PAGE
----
Sunday 28 July 2019

Asylum (1972)

"Standout 1970s British Horror"

It's time for that overly bombastic (and to my mind best ever) arrangement of Mussorgsky's Night on the Bare Mountain courtesy of arranger-composer Douglas Gamley to start hammering through the speakers as one of the best anthology films ever made gets a whistles and bells limited edition Blu-ray release from Second Sight.

When Dr Martin (Robert Powell) attends Dunsmoor Asylum to interview for the vacant SHO (that's senior house officer) post, he finds himself set an odd task by acting head Dr Rutherford (more wheelchair acting from Patrick CLOCKWORK ORANGE Magee). He has to interview four patients and decide which of them is Dr Starr, the former head of the asylum who has undergone a state of 'hysterical fugue', allowing 'a new personality to take over', and also allowing us to enjoy a smashing British horror film.

Yes the four patients lead us into four Robert Bloch short stories, except, that unbeknownst to Dr Martin he's already in one of them. Oh yes, the quality of an anthology picture can often be measured by the strength of its framework story and ASYLUM has the best of the lot, one in which Bloch reworked one of his stories ('Mannikins of Horror') to link the action.

ASYLUM is an example of where everything comes together to create something very special indeed. The first story, 'Frozen Fear' (which traumatised your reviewer on its first BBC showing back in the 1970s to such an extent I swore off watching any horror films ever again) works because of stellar, soapy, sleazy performances from Richard Todd, Barbara Parkins and Sylvia Syms, deliciously horrid production design, and Roy Ward Baker's sensible decision to let everything build with sound before we actually see anything. It was meant to be the third story but I've always agreed with producer Max Rosenberg to put it first because it gives you enough of a jolt you wonder what on earth the rest of the film is going to be like.

Because of that the second story 'The Weird Taylor' is a quieter affair but works better because your anxiety levels have been pumped up by the first story. Consequently you feel much more weirded out by Peter Cushing and his empty house except for that coffin than you might otherwise be.

'Lucy Comes to Stay' is a bit of 1970s posh suburban horror with casting that helps the story immensely. Britt Ekland has one of her best roles as she gets to bounce off Charlotte Rampling's drug-addicted Barbara while James Villiers and Megs Jenkins add character colour.

And then the finale. Is Herbert Lom and his army of killer mannikins actually Dr Starr? If you haven't seen the film I won't tell but I will say I think ASYLUM has possibly the best ending of any Amicus anthology.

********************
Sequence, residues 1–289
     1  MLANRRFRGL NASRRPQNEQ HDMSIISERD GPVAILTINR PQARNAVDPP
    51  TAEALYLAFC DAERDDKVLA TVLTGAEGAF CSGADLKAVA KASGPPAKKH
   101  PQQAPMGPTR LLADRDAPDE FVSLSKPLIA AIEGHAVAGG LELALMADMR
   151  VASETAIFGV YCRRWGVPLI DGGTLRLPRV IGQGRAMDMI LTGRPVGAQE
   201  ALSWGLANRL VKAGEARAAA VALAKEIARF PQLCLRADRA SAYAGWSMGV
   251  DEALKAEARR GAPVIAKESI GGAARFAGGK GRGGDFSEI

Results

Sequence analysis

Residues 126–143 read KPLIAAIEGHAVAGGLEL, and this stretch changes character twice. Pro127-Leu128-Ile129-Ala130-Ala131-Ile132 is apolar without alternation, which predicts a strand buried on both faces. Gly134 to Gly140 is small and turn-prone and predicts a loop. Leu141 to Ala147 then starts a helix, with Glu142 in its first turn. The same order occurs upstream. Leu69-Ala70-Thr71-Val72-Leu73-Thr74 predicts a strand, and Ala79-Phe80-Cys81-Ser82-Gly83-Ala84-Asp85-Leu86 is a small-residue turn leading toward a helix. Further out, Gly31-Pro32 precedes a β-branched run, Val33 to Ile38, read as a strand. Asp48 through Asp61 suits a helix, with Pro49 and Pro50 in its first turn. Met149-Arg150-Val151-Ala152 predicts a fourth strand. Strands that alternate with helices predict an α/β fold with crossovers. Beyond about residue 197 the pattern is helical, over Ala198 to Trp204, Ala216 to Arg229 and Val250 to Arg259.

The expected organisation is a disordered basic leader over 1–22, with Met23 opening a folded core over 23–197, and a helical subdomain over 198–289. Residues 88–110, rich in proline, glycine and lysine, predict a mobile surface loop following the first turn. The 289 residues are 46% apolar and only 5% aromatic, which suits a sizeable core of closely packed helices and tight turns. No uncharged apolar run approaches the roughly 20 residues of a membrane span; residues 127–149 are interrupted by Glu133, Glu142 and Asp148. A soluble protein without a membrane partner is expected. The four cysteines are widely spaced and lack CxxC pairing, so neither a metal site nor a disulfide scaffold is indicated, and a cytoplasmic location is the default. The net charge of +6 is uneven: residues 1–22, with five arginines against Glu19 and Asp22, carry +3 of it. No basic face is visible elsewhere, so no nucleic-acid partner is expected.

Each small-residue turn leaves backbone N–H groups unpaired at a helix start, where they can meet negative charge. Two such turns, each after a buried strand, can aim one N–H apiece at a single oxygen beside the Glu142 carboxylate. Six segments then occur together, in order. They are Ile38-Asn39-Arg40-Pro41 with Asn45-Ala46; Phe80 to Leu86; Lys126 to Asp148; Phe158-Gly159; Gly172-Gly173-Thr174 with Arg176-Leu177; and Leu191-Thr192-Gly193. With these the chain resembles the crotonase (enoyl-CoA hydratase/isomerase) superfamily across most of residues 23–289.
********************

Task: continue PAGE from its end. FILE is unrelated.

If you have Severin's US region-free Blu-ray of ASYLUM then you don't need to double dip as this is essentially the same, including the same grainy transfer (although who knows if it's possible to make ASYLUM look any better?). Extras are also the same, including the ported over Roy Ward Baker / Neil Binney commentary track from the Anchor Bay DVD. You also get David J Schow on Robert Bloch, Fiona Subotsky talking about her producer husband, the 'Two's Company' set report from 1972 and the Inside the Fear Factory Featurette.

Exclusive to the Second Sight Limited Edition is the rigid slipcase featuring excellent Graham Humphreys artwork, which is reproduced on one side of the fold out poster (the other side is the UK quad design but portrait-orientated). You also get a perfect bound book with essays by Allan Bryce (more history of Amicus that's different to the essay for HOUSE THAT DRIPPED BLOOD), Jon Towison (concentrating on the Bloch stories used here) and Kat Ellinger (a considerably more general piece this time around that doesn't really address the film at all).

ASYLUM is a great British horror film. In fact it may well be one of the greatest. If you're a fan then this is definitely the set to get.

ASYLUM is out on Blu-ray in a Limited Edition from Second Sight on Monday 29th July 2019

Saturday 27 July 2019

A Young Man With High Potential (2018)

"Portrait of a Serial Killer - in the Making"

Originally shown in the Discovery Screen strand at last year's London Frightfest, the latest release in the Frightfest Presents series from Signature Entertainment is this grim, dispassionate, never less than fascinating piece from German director Linus de Paoli. 

Piet Carnell (Adam Ild Rohweder) is a brilliant computer sciences university student. He's also painfully shy, agoraphobic, completely socially inadequate and has no experience whatsoever of the opposite sex.

So it's a recipe for disaster when Piet's professor suggests to fellow classmate Klara (Pauline Galazaka) that she becomes his partner for a forthcoming project. Because besides being a girl, she's also attractive, vivacious, and has already been "admired from afar" by Piet.

All goes well at the beginning and the two start to get on. Just when you think our story might be veering towards something other than utter horror Klara spurns Piet's advances and by means of an accident she ends up unconscious at his place. 

       Things go from bad to worse to truly, nerve-tinglingly awful as first Piet undresses her, then gives in to his desires, with terrible consequences. But working out how to deal with what he has done is just the beginning of a long night of self-discovery for our young anti-hero.

A film that refuses to take sides but rather lets you ruminate on the outcome, A YOUNG MAN WITH HIGH POTENTIAL certainly suggests that as a result of the atrocity he commits, which then require him to face and overcome his many neuroses, Piet actually becomes better able to cope with the world at large. That message alone, along with the cold, clinical eye with which the movie observes certain proceedings, means it may be too much for some viewers, but if you're able to stay with it until the end you'll find yourself thinking about this one for long after it's over. I found it fascinating. Whether or not you now want A YOUNG MAN WITH HIGH POTENTIAL in your own head is up to you.